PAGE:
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  • I'm not allowed to cross this road,

  • because this is the town of Stanstead, Canada.

  • On the other side of the street is Derby Line, USA

  • and the border between the two countries runs right down this:

  • Rue Canusa.

  • For local residents, that can be inconvenient.

  • I've lived here all my life, so 63 years.

  • Today you cannot cross over the line and visit your neighbours, like years ago.

  • If you want to cross, you have to report at customs.

  • You know I used to cross every day, but now

  • I probably cross once every... about once a week

  • because I come down to the post office over here.

  • To go through the border, basically, they ask you for your passport,

  • they go inside, I guess they look at whether you have a record or not.

  • They'll look at your registration of your car

  • and a couple of minutes and you've gone through.

  • I'm a dual citizen so I'm American and Canadian.

  • So it's easier.

  • This is a place where the idea of a border

  • as a solid, easy to understand line gets a little bit fuzzy.

  • The road doesn't run at exactly the same angle as the border, not precisely.

  • The official line is that this is Canada and that's the USA,

  • but both countries' maps show the road as being entirely in the US just here

  • and entirely in Canada, up there.

  • The houses are definitely in separate countries

  • but the road is not quite as clear.

  • And in practise, if I was driving I'd be okay. Even on that side of the road,

  • I am considered to be still in Canada,

  • as long as I don't stop and walk up to an American house.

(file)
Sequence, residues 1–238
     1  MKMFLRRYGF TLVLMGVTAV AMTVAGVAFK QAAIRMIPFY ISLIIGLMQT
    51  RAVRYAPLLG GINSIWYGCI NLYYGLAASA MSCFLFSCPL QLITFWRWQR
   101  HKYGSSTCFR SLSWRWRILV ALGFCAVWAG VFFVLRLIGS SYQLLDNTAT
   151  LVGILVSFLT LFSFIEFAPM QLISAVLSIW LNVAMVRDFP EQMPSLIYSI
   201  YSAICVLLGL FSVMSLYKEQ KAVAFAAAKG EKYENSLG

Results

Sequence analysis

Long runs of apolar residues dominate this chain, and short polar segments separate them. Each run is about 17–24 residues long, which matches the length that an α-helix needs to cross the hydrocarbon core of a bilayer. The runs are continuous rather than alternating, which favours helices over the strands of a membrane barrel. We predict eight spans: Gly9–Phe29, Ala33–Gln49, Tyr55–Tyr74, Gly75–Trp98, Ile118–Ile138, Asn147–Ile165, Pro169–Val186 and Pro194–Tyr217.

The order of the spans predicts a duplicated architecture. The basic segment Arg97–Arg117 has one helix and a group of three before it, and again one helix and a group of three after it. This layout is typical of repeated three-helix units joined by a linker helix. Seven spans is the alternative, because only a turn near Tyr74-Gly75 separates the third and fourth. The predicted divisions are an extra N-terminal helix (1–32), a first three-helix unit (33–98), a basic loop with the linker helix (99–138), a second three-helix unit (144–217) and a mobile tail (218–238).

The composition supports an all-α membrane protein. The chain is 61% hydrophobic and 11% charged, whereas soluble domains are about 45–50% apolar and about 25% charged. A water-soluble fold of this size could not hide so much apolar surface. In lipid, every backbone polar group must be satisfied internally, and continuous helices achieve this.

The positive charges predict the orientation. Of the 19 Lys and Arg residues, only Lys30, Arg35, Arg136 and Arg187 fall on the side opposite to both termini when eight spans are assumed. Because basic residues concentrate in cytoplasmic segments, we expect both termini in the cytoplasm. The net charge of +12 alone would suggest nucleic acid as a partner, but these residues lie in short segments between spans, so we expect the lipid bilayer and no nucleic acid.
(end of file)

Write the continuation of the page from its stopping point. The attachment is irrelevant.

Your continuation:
• It's fair to say that there's a little bit of leniency here,

  • if you're just nudging the border by a few centimetres.

  • Or if you're on that side, a couple of inches.

  • But while I was setting up my camera here, the police turned up, lights flashing,

  • to move along those bikers you saw earlier

  • who were admiring the view from the other side of the road.

  • It all seemed in good spirits, but they had crossed the border.

  • Well, the library is part on the Canadian side

  • and part on the American side.

  • But you stay on the Canadian side and you stay on the sidewalk,

  • and you go through the front door and it's permitted.

  • On Canusa Street, there's a sidewalk on the Canadian side,

  • so back years ago, it was tolerated that people on the American side

  • could cross over and walk on the sidewalk,

  • so, basically it's dangerous to walk on the side of the road

  • and now today, well, it's not tolerated no more.

  • I think the rule hasn't changed much, but they're more enforced.

  • When you cross, they ask you more questions than they used to, you know, years ago.

  • Before when you went through the border, you knew most of the customs officers

  • and they used to wave to you, y'know.

  • In 1783, this section of the Canada-US border was set

  • at the 45th parallel, a line of latitude.

  • Slightly inaccurate measurements were accepted by both countries, so it was locked in.

  • But as for this specific road?

  • There are local stories about drunk surveyors and pranks,

  • but no one really knows.

I'm not allowed to cross this road,

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A2 UK border road cross canada canadian sidewalk

The US-Canada Border Splits This Road Down The Middle

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    Samuel posted on 2018/06/03
Video vocabulary